The house is filling up again, Madeline thought.

Perfect_Family

Not Safe

Here it is: this week’s chapter from my finished novel (well, except for those soul-sucking rewrites I’m trying to face/trying to avoid)  PUSHING THE RIVER.

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Not Safe

Madeline stared at a dark ceiling, knowing that sleep would elude her, and rolled Claire’s words over in her mind: “She’s not safe.” She thought of two years prior, the last time she had seen Savannah. That summer.

“Not safe.” Madeline heard about the events of that night the following day. She had awakened to then-13-year-old Savannah curled up in a ball, deep in slumber on the couch in the very room where Claire told the story of the previous night as if it were a tale of very long ago, and quite far away. Grotesque scenes involving screaming sirens, spewed vitriol, handcuffs, jail, emergency protective orders, and a young girl – with a freshly stitched and gauze-wrapped gash across her forearm – now in the legal custody of Claire, with the legal residence of Madeline’s home.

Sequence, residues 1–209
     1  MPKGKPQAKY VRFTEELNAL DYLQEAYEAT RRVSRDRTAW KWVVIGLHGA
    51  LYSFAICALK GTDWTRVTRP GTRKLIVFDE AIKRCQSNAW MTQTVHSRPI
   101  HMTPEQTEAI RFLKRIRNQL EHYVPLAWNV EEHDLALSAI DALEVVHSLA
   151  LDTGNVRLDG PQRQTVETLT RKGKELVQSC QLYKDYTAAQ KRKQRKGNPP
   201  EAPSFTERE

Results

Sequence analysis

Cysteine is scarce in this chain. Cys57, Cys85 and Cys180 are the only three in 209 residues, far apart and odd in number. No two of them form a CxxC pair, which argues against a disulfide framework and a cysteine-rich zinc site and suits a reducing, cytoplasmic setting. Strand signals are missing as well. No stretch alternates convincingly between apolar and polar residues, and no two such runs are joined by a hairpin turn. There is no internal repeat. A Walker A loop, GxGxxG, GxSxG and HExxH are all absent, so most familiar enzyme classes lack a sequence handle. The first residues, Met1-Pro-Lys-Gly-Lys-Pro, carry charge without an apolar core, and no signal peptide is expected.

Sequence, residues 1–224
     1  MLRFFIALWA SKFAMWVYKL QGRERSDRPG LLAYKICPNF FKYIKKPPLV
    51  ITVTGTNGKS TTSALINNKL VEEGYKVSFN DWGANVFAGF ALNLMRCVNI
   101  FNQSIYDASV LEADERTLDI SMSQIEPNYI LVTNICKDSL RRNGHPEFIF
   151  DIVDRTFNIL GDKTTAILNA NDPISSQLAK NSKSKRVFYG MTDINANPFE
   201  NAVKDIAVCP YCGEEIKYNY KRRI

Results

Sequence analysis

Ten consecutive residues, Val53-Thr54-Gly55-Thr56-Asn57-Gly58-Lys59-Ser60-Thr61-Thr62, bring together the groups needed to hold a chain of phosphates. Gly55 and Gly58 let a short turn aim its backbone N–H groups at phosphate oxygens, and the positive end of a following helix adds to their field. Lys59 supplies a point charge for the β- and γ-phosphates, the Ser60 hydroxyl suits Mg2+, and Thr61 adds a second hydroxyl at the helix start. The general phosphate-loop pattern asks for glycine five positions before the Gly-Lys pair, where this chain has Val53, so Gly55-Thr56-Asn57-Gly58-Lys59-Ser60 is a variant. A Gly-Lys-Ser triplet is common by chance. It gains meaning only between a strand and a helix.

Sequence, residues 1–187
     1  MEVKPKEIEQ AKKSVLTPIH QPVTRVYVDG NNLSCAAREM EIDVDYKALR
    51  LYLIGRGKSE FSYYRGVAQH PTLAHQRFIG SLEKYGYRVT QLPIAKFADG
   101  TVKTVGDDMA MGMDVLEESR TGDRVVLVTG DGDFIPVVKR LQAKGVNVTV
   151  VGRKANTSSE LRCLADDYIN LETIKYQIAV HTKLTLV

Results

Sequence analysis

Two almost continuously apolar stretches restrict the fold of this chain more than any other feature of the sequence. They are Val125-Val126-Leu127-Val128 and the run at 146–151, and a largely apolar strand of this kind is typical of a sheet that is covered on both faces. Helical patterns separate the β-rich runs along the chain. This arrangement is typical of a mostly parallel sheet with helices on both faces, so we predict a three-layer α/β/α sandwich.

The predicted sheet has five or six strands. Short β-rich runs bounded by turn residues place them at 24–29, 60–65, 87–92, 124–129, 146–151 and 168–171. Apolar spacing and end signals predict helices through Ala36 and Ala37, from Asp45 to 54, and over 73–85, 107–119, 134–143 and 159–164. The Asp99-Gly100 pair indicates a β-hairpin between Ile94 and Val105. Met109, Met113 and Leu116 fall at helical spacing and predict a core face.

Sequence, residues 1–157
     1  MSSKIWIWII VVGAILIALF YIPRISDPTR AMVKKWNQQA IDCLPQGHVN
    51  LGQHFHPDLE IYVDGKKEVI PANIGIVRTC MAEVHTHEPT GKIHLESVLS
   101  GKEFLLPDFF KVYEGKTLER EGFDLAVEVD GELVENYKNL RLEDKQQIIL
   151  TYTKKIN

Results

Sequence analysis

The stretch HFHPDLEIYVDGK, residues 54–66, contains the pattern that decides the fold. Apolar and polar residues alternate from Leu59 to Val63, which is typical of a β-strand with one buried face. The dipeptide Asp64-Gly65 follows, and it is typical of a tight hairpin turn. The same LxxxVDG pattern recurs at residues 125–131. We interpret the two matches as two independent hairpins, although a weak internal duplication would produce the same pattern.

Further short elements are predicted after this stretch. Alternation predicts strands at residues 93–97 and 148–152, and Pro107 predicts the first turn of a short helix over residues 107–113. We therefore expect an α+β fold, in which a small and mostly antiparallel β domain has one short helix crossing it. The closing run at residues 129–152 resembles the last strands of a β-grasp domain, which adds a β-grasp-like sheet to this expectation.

“Not safe,” Claire had said again, two years later, into the phone.

Madeline thought of a photo that Claire had pinned to the wall of the room that she and John lived in that summer. An old photo of her mother Billie Rae when she was young, a grown woman, but still young. She was seated at a kitchen table, leaning forward in her chair to nestle herself, her slight-framed body, fully against the table. One shoulder tilted towards the camera in a way that looked both flirtatiously coy and thoroughly exhausted. The photo was not a close up, and the diEddiece made Billie seem even tinier, all long dishwater blonde hair and big blue eyes. There was something else, too – a softness. The girl in the picture possessed a definite softness. This is what Madeline would try to remember. That there had been a time when Billie was soft. Vulnerable. Young. There was strength in that face. And fatigue. And pleading. Whatever came next, and next after that, Madeline would try to remember the girl in that picture.

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Art: Gauguin